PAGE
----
Last weekend, several soccer games in Italy were played in empty stadiums, to prevent a repeat of the fan violence that caused the death of a policeman in Sicily on Feb. 2. Mission accomplished: No one died. But that doesn’t mean all is well in Italia. “Italian football died last night,” read the front page of L’Osservatore Romano, the Vatican newspaper, in the aftermath of the Sicilian riot. That’s a bit of an overstatement. Italian football didn’t die that night—but perhaps it should have.
The policeman’s murder two weeks ago capped off a shocking series of events. The most infamous was the match-fixing scandal that forced the top club, Juventus, to be dropped into Italian soccer’s second division. Several seamy byproducts of the investigation called the integrity of the sport into serious question. Players were found to have gambled massive sums on matches. Italy’s nominated referee for the 2006 World Cup had to be withdrawn. Juventus was found to have conspired with Aldo Biscardi, host of a popular Italian TV program, to praise the team when analyzing highlights (imagine Jerry Jones paying off Chris Berman to favor the Cowboys—actually, that’s not that far-fetched). In other words, Italian football stinks like a whorehouse at low tide.
English football had deteriorated to similar depths in the 1980s. Hooliganism crippled the sport domestically and embarrassed the country when the brawlers traveled to Europe. The nadir was 1985’s Heysel disaster, when 39 fans (ironically, mostly Juventus supporters) were crushed and trampled after marauding Liverpool supporters knocked down a retaining wall. English clubs were banned from European competition for five years. Four years later, more than 90 Liverpool fans were crushed to death after being thrown up against a fence by a surging crowd. (In response, all British stadiums converted to seats-only. Up to that point, odd as it may seem to Americans, most fans could only stand at matches.)
English football rose from the ashes, thanks to a huge increase in television rights fees and a surprisingly strong performance by the national team in the 1990 World Cup. The Premier League was formed to keep top teams from selling television rights individually (as is the case in Italy) and to create a brand that would induce top foreign talent to play in England. The increase in funds allowed the clubs to class up the game, which drew in top sponsors and priced out the riffraff that caused much of the trouble. The air of sophisticated middle-class propriety that hovers over English football would dizzy a fan from 20 years ago. There has been sporadic grumbling about “prawn sandwich-eating” crowds, but most find a bit of snobbery preferable to anarchy in the stands.
Could a similar rebirth happen in Italy? I doubt it. The Azzurri’s World Cup title run barely slowed the sport’s descent into madness, and television rights fees have peaked. Meanwhile, a corrupt wink-and-nod culture suffuses Italian football. The original penalties issued in the match-fixing scandal were harsh, but after repeated appeals, AC Milan, Fiorentina, and Lazio got off lightly and, unlike Juventus, weren’t sent to the second division. It’s not a question of money—there is no will to improve matters.
There’s also a fundamental difference between the hooliganism in Italy and England. The U.K. version is essentially gang warfare—where you are from and the colors you’re wearing are all-important. English violence is fighting for the sake of fighting, not for any particular cause other than pub glory and bragging rights.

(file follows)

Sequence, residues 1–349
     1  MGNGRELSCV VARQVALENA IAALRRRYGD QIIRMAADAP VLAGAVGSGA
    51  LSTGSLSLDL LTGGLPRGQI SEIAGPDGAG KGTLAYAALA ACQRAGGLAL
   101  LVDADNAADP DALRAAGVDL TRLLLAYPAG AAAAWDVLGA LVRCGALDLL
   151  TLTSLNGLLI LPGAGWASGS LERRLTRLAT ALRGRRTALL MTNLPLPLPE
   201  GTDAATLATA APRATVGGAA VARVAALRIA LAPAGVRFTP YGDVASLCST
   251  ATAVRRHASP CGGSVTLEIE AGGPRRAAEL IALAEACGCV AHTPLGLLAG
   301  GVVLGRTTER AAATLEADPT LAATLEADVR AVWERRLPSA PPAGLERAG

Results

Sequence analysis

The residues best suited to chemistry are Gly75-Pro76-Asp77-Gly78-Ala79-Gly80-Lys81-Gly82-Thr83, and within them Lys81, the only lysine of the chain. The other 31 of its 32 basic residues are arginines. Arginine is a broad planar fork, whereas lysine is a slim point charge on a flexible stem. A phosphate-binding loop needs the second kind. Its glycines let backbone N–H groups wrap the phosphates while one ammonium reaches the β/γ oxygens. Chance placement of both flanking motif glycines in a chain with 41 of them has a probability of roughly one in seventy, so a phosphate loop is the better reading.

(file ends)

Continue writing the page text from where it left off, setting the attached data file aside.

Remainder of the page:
The Italian ultras (the catch-all phrase for rowdy fan groups) are politically motivated. They’re often aligned with a particular movement, be it communist, fascist, or center-right. The political parties and the clubs are commingled to the extent that it’s difficult to tell where one begins and the other ends—since most Italian teams are publicly held and traded, the ultras often literally own the clubs. Even players get caught up in the sloganeering. The most famous instance involves Paolo di Canio, who gave the Nazi salute to fascist, swastika-brandishing ultras when he played for Lazio. Many other stars give tacit, if less blatant, support to whatever movement their fans and club represent.
Increased policing has steadily decreased hooligans’ stranglehold on English soccer. Similar tactics are unlikely to have an effect in Italy, where the offenders have much deeper ties to football culture. Italian riots are an orchestrated mass demonstration of defiance and anger aimed at entrenched rivals. This is not a situation where the marauding Other needs to be separated from the peaceful masses. There is no Other in Italian soccer—except blacks and Jews, steady targets of abuse in Italian stadiums.
Soccer is as important a part of Italian culture as espresso or opera, so it’s hard to imagine the fat lady singing for the sport of Zoff, Maldini, and Cannavaro. But an extraordinary intervention is needed. The domestic leagues should be shut down for at least the rest of this year, and Italian clubs should be banned from European competition. The clubs should be punished for the criminal actions of ultras representing them. There also needs to be a cleaving between politics and sport. Private ownership should be encouraged, foreign if necessary, so that the decision-making and direction of the clubs don’t go through layers of people with nonsoccer agendas. Mostly, the Italian Football Association needs to understand how farcical their sport appears to outside eyes. Only then can Italy’s favorite game restore some of its former luster. Or at least climb out of the gutter to the level of, say, Major League Soccer.